I have never considered the role of human/animal companionship in the war. Much is made of, and justifiably so, the bond between soldiers that can only forged in the fires of war–the whole “we band of brothers” concept. However, your article shows that the emotional support needed to sustain men in battle could be found in variety of ways. I also think this demonstrates the severe psychological and emotional toll so well known to contemporary culture that war has on those unfortunate enough to endure its trials.


  2. gkamarunas1 says:

    I never thought of war dogs being a thing in the Civil War. I already knew that the first trained war dogs were used in World War I and is still a common thing in the military. I agree that these animals played a vital role in improving the moral of troops due to the horrible aspects of the war.


  3. moonsierra says:

    This is a really fascinating subject. I know that in current times, there are several special interest stories about soldiers overseas who form bonds with stray dogs, and even cats, they find, but I had never considered pets and the Civil War. I agree that these animals were an important part of morale among the troops, especially after a particularly devastating battle or years away from family. However, I wonder how much morale was damaged when something would happen to a pet. It might have only added to emotional and psychological stress. I really like how you brought in General Lee and his horse. Horses were obviously an important part of the military, but I had never thought about the bond that would develop between a soldier and his horse. Do we know if Traveller survived the war with General Lee? How common were military pets, like dogs, among troops? Thanks for a really unique post!


  4. bgoodin1 says:

    As I read the title I said to myself, “seems like they are going to talk about dogs”. Well I now see that I was right. Its very interesting to read this topic, I never knew that they used dogs in this way during the Civil War or any war for that matter. I think it is wonderful, the amount of emotional support that animals can give people is life changing. So I can only imagine these animals changing or even saving peoples lives during the war. They could be the driving force or the little extra boost to keep fighting just a little longer. Very interesting post, creativity is awesome!


  5. jmccloud1993 says:

    This was such an interesting blog post. We have looked at so many things that played a role during the Civil War, but I never even began to consider that animals had an impact on both Union and Confederate soldiers. I really enjoyed learning about Sallie. Her relationship with the soldiers was very important. She allowed them to reconnect with life outside of the war and take a break from the difficulties of war. The same thing applies to General Lee and his relationship with his horse. For further discussion, were there any other famous pets during the Civil War? Was Sallie intentional shot or accidentally shot? Why did the King of Siam offer elephants? Please let me know. Good post, Terra.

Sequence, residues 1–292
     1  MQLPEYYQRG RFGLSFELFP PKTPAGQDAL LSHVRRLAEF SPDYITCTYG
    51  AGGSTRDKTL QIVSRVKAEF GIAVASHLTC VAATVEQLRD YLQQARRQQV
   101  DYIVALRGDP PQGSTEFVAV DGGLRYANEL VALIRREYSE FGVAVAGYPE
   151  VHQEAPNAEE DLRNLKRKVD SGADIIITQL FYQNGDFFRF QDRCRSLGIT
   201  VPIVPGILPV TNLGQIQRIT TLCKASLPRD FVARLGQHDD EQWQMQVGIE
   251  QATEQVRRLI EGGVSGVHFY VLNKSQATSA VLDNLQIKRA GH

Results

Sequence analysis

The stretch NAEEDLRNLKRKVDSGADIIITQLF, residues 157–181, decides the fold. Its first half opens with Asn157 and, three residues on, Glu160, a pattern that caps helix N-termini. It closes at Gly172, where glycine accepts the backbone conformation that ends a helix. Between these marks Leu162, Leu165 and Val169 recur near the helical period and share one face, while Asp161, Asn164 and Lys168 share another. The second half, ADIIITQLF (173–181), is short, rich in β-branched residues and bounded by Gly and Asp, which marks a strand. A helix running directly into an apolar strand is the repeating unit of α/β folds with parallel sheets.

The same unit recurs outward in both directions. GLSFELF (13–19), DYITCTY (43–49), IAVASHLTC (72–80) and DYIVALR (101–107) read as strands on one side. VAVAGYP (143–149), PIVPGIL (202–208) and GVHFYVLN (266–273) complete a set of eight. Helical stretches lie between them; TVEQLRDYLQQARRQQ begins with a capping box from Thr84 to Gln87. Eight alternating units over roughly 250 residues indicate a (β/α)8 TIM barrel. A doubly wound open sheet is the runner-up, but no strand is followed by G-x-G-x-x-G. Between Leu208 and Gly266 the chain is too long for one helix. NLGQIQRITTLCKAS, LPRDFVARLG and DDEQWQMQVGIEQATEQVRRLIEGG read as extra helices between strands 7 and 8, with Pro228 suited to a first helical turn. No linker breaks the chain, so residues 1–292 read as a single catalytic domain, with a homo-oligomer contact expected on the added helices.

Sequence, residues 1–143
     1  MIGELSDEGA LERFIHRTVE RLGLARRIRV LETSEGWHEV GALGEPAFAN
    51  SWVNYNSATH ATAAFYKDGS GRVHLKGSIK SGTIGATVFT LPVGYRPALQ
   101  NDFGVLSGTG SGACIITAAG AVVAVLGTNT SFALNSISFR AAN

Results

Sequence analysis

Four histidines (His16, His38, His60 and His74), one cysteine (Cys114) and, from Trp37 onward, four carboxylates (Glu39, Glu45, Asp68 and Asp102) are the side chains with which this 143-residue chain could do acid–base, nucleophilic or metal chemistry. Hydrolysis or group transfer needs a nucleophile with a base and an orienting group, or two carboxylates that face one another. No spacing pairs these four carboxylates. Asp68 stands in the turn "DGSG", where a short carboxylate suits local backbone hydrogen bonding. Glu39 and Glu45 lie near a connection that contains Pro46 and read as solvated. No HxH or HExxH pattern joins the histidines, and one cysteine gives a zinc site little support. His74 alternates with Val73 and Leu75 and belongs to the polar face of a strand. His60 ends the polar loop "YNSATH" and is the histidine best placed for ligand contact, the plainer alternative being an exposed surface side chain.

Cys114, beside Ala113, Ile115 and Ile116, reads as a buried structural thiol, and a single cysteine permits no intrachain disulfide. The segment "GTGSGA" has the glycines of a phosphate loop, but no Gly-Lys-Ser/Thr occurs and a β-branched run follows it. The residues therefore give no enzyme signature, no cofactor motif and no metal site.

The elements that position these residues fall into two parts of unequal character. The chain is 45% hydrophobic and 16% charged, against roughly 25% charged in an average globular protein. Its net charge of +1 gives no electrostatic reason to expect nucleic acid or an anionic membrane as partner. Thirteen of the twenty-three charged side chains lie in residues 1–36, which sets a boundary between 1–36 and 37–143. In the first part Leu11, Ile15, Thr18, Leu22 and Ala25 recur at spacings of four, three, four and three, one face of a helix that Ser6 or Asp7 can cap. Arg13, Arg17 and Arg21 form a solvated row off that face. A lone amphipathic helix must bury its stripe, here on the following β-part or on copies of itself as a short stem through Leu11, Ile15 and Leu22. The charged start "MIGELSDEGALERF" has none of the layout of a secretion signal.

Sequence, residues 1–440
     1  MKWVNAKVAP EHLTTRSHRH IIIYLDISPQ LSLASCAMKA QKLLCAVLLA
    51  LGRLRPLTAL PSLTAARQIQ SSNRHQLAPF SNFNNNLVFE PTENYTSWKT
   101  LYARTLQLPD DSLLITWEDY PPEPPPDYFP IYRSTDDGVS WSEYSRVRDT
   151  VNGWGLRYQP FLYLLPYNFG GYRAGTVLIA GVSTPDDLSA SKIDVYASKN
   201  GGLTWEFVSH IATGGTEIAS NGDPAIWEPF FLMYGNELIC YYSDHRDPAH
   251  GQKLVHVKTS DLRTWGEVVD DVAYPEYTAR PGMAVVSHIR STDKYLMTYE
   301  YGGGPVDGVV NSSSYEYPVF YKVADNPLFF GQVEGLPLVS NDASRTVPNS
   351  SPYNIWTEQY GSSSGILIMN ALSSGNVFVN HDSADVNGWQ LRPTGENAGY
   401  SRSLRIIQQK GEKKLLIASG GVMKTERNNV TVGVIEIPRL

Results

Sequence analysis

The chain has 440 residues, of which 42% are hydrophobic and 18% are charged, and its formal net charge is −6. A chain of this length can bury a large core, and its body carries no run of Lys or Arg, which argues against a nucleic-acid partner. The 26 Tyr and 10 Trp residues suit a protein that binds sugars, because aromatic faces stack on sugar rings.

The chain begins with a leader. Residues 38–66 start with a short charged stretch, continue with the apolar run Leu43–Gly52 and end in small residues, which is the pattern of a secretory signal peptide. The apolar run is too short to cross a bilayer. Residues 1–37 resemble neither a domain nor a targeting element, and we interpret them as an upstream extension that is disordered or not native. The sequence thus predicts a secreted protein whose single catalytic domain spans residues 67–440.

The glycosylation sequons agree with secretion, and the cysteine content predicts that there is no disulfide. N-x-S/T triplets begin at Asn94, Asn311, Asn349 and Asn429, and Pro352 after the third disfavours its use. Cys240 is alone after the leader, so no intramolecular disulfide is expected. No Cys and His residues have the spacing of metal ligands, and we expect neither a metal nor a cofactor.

6. wreed1 says:

    Good blog post on the animals of the Civil War! I knew horses played an obvious role in the war, but I had no idea about dogs serving as mascots for Union regiments. I’m surprised elephants were offered to the U.S. in order to help the Union emerge victorious, let alone turned down!


  7. dberry20 says:

    Wow, this was a very interesting post. I never really considered the importance of having animals around. To see how the presence of pets, like dogs, could be uplifting and could boost morale is fascinating. I can understand how that could make you feel somewhat better in a time of war and destruction though. A dog could serve as a reminder of what you’re fighting for, your family. Also to see how important and respected these animals were to these soldiers is amazing. The way in which they honored the dog Sallie just shows how much she meant to the men. How different do you think the war would’ve been without the use of horses? I can imagine that they were crucial to the war for various reasons, especially when it came to going on scouting excursions to gather information and return quickly with what they had learned. Great post!